Had a blast at CAST, Yay for KWSQA!

Posted by Albert Gareev on Oct 09, 2015 | Categories: AccessibilityCommunityHeuristics

Today I’m going to present a talk on Web Accessibility and Accessibility Testing Heuristics at the conference of Kitchener Waterloo Software Quality Association.

Maybe I’m driving at this moment while you’re reading this..

While my talk is less than 2 hours long I foresee some great challenges as a trainer. You see, I want to give an experience. I want people to workout their testing heuristics, because merely talking won’t let me to hand out those.

I want to share my thoughts on learning, presentation, and skills development.
It so happened that most corporate training workshops and courses I went to were mostly focused on listening to the speaker. Sure, engagement of the audience was there, and it was fun, we received tons of materials, and we felt good afterwards. We also barely remembered it 2 weeks after, and no one applied it at work.
Were we bad students? I’d disagree. We were bad practitioners – because we didn’t practice. We did not take sample problems to work through and develop our own understanding and solution.

With years of my practice lead experience I now have many examples of successes and failures in attempts to implement something new. Whenever I saw it working it was always a kind of a Learn – Practice – Apply – Learn cycle.


  • Get an idea of the learning objectives
  • Read or listen to the information
  • Try and understand the examples
  • Receive personal experience
  • Discuss your experiences with the group
  • Receive a feedback from the instructor
  • Connect to your existing experiences and known contexts
  • Take notes!
  • Understand – rather, begin understanding epistemology


  • Start with some simplified examples – walk through, back and forth, till understanding of what, how, and why
  • Discuss your experiences with the group
  • Take on a similar problem or exercise and try to solve it yourself
  • Discuss your experiences with the group
  • Receive a feedback from the instructor
  • Take notes!
  • Take on the slightly different problem or a bigger version of it
  • After a few micro iterations have a review: what you did, how you did, how it went, do you understand why’s for each step and decision, alternative ways, similarity and difference between the problems you solved.

// The trainer must always be supporting all these activities and helping people with learning process.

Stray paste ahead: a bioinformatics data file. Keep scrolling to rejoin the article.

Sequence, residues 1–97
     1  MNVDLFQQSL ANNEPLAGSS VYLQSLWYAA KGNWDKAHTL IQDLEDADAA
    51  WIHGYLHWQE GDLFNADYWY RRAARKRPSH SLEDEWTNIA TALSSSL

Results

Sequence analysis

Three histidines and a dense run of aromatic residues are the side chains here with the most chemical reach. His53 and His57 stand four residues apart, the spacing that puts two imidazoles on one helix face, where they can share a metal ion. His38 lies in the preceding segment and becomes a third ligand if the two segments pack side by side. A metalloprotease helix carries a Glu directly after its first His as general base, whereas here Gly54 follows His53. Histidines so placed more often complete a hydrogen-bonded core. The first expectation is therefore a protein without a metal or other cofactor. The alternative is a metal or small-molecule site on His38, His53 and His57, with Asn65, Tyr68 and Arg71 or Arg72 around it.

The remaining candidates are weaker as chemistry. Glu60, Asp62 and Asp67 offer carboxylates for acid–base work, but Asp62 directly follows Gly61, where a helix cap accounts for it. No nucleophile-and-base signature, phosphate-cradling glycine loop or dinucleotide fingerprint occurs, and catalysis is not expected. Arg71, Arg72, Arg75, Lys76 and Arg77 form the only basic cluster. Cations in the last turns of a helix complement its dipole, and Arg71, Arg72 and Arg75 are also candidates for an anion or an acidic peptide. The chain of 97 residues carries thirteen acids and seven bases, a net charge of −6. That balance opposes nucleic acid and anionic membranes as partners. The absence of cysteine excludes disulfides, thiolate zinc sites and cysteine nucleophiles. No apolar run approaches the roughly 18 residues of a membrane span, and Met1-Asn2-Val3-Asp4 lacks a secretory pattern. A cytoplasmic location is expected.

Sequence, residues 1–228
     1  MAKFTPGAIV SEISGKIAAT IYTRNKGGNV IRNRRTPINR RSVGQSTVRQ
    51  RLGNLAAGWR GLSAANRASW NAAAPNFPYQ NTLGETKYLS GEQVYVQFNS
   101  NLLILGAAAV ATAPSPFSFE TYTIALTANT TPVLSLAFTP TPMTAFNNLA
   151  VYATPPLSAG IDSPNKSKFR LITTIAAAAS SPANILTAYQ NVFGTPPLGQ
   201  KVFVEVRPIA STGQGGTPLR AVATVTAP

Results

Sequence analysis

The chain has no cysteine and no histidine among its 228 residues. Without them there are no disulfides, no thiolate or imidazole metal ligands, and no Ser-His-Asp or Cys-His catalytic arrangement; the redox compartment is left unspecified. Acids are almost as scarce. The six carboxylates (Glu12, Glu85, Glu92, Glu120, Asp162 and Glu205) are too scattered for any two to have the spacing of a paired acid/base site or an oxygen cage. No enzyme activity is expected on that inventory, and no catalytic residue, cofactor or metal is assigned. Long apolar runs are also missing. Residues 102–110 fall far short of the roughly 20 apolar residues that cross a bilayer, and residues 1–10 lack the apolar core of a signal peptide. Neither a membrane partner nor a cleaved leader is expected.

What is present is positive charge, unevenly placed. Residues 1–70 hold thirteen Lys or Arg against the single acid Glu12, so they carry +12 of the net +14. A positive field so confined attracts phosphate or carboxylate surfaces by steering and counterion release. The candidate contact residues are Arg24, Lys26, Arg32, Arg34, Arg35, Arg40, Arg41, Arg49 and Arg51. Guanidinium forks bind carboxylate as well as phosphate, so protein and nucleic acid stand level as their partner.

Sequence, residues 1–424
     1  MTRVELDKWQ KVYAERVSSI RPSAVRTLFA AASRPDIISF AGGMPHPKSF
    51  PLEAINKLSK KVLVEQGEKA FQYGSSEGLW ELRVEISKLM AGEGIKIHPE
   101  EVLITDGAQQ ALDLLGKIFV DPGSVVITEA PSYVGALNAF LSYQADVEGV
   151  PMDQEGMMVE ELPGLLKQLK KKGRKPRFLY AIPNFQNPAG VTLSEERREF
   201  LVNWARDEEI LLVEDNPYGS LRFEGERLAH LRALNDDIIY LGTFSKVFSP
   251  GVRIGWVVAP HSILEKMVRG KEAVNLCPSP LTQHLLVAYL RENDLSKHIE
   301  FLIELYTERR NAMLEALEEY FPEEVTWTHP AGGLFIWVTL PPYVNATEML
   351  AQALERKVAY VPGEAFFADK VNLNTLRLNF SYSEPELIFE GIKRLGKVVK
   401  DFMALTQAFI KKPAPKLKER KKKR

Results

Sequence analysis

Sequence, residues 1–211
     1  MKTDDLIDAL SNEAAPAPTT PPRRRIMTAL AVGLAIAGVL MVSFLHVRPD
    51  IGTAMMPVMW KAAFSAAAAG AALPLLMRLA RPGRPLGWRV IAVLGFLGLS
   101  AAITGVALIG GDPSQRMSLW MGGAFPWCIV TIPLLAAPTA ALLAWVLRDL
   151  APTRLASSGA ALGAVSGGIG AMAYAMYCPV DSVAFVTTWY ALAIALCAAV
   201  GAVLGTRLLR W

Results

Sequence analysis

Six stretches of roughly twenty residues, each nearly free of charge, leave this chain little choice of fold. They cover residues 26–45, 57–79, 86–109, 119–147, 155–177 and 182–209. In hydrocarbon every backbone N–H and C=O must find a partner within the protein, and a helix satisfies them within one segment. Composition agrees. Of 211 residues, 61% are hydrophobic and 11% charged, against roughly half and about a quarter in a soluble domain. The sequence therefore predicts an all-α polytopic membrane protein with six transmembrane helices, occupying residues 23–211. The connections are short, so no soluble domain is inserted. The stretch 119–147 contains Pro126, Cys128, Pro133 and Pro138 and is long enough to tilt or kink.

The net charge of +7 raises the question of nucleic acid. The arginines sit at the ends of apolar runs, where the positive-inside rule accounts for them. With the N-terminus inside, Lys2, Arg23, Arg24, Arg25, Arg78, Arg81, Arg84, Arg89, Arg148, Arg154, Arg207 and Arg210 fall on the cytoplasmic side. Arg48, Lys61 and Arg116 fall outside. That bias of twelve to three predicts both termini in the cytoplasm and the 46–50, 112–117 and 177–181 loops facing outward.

// At the same time, the trainer must not assign tasks – people must retain ownership of their learning process, or they’ll just follow the script nodding “yeah, I fully understand”.

Working through these cycles people will rediscover the knowledge and reinvent the practice for themselves. Working further they’ll be able either to develop their own work heuristics or take ownership of those offered by the instructor.

It’s also useful to discuss how they’re going to apply these at work.


Workshop is a kind of a “greenhouse” for learning and skills development. But to get the value we must step out to the field and apply our skills in some real context.

The following points are not a script, not even a heuristic but some common patterns.

  • Analyze the context with it’s superposition of problems, tasks, and goals
  • Identify problems similar to those you solved
  • Identify conditions similar to those where were the problems you solved
  • Identify outcomes similar to those where were the problems you solved
  • Apply your skills and problem-solving heuristics on a task but do it in a research way: observe what’s happening and where it leads. Compare with your study notes and takes notes of the current process.

//As I’m writing this, I realize it became too abstract. So let me use an example.


  • In the full training on Accessibility Testing I typically teach use of NVDA Screen Reader.
  • One of functions very useful in testing brings up all headings and links that a web page contains.
  • After we learn how to operate the function we practice on a sample page
  • Then we try with some more complex pages

Now, let’s say at the job the company uses JAWS and one of the problems sounds like: identify all missing or problematic alternative text of the links. The application of learned skills may go this way:

  • Find out if JAWS has a similar function displaying headings and links (of course, it does)
  • Learn to operate the function
  • Bring up list of links and review their alternative texts (title, caption, ARIA-attributes or whatever was used in particular)
  • Identify and report the problems

Thanks for your attention :). Please share your experiences in successful learning, practicing, and application at work.

And – maybe – see you at the conference!




Creative Commons Attribution-NonCommercial-NoDerivs 3.0 Unported
This work by Albert Gareev is licensed under a Creative Commons Attribution-NonCommercial-NoDerivs 3.0 Unported.